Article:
German bankers meeting in Frankfurt say tighter risk-management rules could undermine their ability to compete against Asian lenders. But the chief of the German Central Bank says banks should prepare for changes now.
Banks say tighter regulations could make them less competitive
If there's one thing the bankers and regulators gathered at the Euro Finance Week in Frankfurt agree on, it is that reform on a national level alone won't do much to stabilize the financial industry. Instead, they say that loopholes need to be plugged on an international level.
The German-centric economic forum started on Monday, and there has been little doubt among attendees that action should be taken even before the stricter capital requirements of Basel III take effect in 2013. Financial systems should be made more stable and resilient, they say.
German Central Bank President Axel Weber singled out German public-sector banks in his remarks.
"I believe, particularly in this sector, that the Mikado-strategy that's been pursued so far is leading nowhere," Weber said.
Two such banks – BayernLB and WestLB – recently failed in a merger attempt after receiving billions of taxpayer euros during the crisis. The European Commission set a new deadline of February 2011 for WestLB to come up with ideas of how to sustain itself in the long term.
Brussels has given WestLB a three-month deadline for restructuring
Weber said banks shouldn't be sluggish about making changes, and that they need to be proactive in preparing for coming regulations.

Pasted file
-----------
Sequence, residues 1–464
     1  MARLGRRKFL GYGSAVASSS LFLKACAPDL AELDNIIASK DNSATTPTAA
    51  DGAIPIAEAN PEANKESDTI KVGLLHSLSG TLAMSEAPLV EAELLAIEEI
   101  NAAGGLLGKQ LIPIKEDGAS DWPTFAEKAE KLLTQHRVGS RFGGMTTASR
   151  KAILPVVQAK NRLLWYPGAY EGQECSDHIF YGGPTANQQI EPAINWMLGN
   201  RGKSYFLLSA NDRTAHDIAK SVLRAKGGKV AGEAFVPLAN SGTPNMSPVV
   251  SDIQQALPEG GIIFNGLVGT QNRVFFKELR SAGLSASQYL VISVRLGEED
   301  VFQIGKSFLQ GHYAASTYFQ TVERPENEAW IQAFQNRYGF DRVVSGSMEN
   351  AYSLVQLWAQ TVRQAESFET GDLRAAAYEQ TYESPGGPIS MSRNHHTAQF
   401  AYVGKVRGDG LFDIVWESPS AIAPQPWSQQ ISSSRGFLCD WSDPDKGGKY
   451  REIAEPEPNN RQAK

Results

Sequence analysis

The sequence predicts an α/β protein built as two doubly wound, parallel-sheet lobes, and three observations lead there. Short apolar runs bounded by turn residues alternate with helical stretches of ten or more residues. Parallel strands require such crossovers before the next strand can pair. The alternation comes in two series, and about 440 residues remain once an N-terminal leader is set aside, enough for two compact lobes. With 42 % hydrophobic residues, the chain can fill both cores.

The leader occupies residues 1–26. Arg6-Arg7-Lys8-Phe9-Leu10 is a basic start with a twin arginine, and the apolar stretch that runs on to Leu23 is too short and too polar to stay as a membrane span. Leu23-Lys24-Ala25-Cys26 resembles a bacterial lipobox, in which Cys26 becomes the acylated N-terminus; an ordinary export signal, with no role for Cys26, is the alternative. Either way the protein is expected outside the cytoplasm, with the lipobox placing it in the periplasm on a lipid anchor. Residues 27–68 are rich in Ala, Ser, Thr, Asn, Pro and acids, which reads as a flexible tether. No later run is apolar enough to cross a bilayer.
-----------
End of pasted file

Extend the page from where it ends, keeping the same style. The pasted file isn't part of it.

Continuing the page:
"Changes will be coming to the market structure," he said. "There will be further changes. The profiles of the actors will change, and the type and scope of the banking business will be affected.
"The refinancing structure of the banking system will change. Eventually there will also be less actors. Several will drop out – those which can not meet these new capital requirements."
Bankers have often complained about having to carry the high costs of the new regulations, but Weber said that "a more stable financial system is worth the price."
Risks to international competition
Deutsche Bank CEO Josef Ackermann spoke out against the notion of additional capital requirements for banks in Germany, saying international competition is a concern. What is needed is a method in which "banks which are a burden for the system – and therefore also taxpayers – can be eliminated," he said.
"When you go to Singapore, Hong Kong or Shanghai today, then you experience what's meant by location competition," he said. "And I believe we should always consider here what options we have to make the entire system more robust above all, but without giving up location advantages or tolerating location disadvantages."
Deutsche Bank's Ackermann defended big banking
Ackermann also defended large banking from skeptics who say banks were granted bailouts specifically because they had become too large to be allowed to fail.
"It is absolutely necessary that we define ourselves beyond national boundaries," he said.
On Monday a panel of economic journalists named Ackermann 'European Banker of the Year' for successfully leading his institution through the financial crisis.
Asian banks 'ready'
According to Wolfgang Kirsch, CEO of DZ Bank, Germany's central cooperative bank, Asian competitors are now primed and ready.
"After the Asian crisis – this rough treatment which, in part, we've been experiencing these days – this was something Asian banks went through," he said. "And today they can happily call out, 'Basel III isn't an issue for us.' Anyone who says Basel III isn't an issue clearly has his own capital and liquidity. And both of those things want to be utilized. So we should keep an eye on that."
The German Central Bank's Weber, however, foresees the need for regulation beyond just the banking system. He said financial groups funneled billions of euros past regulators, agitating the financial crisis.
"We need to cast light into the shadows of the banking system," he said.
Author: Brigitte Scholtes (gps)
Editor: Sam Edmonds